But the proposal has become a major source of controversy on the right, generating enormous opposition from Republican governors and from tea-party groups. Nineteen states — all with GOP governors at the time — have either rejected outright or downgraded the Common Core standards. These include many of the states — such as Mississippi, Louisiana, and South Carolina — for which the proposal was designed. While former Florida Gov. Jeb Bush remains supportive, two other Republican presidential aspirants who had previously backed Common Core — Louisiana Gov. Bobby Jindal and New Jersey Gov. Chris Christie — now either oppose or express “grave concerns” about the program.
President Obama and many Democratic policymakers continue to back the Common Core, but some Democratic politicians, moved in part by teachers’ wariness of standardized tests, have begun to distance themselves. Last fall, New York Gov. Andrew Cuomo claimed he had “nothing to do with Common Core” and promised to “disregard Common Core scores for at least five years.” In Washington state, the Democratic Party passed a resolution rejecting Common Core. Hillary Clinton has yet to take a clear position on the issue.
The Common Core standards certainly don’t represent a final answer to the question of what to do about the 34 percent of Americans who are going to suffer most from automation. These standards are merely a small starting point, but the fact that they are being rejected where they are most needed — and that some Democrats are joining the many Republicans who have backed away from them — says much about our political system’s inability to address the social challenge of automation.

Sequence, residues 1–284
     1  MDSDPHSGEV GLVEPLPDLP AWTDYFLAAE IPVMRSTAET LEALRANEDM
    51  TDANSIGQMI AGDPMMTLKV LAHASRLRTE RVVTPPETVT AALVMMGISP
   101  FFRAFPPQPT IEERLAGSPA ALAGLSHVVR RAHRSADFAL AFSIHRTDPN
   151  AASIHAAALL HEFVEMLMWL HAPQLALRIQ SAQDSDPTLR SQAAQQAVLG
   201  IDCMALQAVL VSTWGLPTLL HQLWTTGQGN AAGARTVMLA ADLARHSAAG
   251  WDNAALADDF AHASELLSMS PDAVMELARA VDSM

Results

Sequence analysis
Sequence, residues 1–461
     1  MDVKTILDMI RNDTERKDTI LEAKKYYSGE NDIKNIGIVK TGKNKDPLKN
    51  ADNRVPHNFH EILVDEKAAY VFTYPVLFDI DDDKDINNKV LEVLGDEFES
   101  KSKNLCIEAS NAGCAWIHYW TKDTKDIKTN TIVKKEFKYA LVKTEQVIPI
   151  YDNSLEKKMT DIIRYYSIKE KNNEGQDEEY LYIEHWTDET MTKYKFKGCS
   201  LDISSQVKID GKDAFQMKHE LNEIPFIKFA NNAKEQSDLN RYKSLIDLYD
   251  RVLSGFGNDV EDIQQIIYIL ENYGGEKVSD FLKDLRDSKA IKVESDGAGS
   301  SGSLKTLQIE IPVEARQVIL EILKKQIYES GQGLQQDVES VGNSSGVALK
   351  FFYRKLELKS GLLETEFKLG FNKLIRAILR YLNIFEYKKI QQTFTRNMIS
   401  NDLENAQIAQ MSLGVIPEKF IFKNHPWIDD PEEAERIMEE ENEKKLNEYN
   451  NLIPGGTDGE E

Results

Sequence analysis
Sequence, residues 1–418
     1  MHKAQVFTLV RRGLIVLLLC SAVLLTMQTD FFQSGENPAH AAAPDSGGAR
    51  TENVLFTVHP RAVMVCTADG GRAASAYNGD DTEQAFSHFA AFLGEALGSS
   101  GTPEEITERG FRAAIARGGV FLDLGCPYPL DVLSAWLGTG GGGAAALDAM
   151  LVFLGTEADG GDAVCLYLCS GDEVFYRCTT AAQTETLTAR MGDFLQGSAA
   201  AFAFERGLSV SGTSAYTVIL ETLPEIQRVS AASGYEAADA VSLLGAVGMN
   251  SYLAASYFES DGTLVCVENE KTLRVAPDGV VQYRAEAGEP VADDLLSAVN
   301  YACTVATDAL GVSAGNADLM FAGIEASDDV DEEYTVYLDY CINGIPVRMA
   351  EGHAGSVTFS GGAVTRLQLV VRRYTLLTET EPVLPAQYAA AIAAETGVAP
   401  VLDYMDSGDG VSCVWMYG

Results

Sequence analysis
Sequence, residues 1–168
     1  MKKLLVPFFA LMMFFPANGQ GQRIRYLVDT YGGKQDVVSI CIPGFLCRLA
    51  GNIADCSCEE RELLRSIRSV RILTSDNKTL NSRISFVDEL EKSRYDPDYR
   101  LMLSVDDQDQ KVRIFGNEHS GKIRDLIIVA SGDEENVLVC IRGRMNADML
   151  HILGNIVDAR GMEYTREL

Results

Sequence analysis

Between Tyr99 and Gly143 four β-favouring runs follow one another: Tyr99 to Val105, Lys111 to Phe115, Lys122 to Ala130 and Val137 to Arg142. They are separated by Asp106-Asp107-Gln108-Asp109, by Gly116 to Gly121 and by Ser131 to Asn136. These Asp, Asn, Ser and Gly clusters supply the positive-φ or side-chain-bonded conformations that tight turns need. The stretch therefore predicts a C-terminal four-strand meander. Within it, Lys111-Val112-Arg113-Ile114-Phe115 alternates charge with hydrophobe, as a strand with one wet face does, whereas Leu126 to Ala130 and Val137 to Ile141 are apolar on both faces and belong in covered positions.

One element of the problem may be Americans’ traditional aversion to government, but part of it may also be structural. In a parliamentary system with proportional representation, the 34 percent might have a party that would summon them to the polls and represent their distinct interests. By contrast, in America’s two-party, winner-take-all system, these voters are inevitably ignored in favor of larger, wealthier groups that are more likely to vote.
And so, Democrats bemoan the destruction of a middle class that actually remains quite vibrant, and Republicans cater to middle-class complaints about taxes and spending, while trying to lure poor whites with rhetoric about abortion and gun control. In the meantime, the revolution in automation will continue — and the 34 percent of Americans who are not prepared to join it will be lost in the shuffle.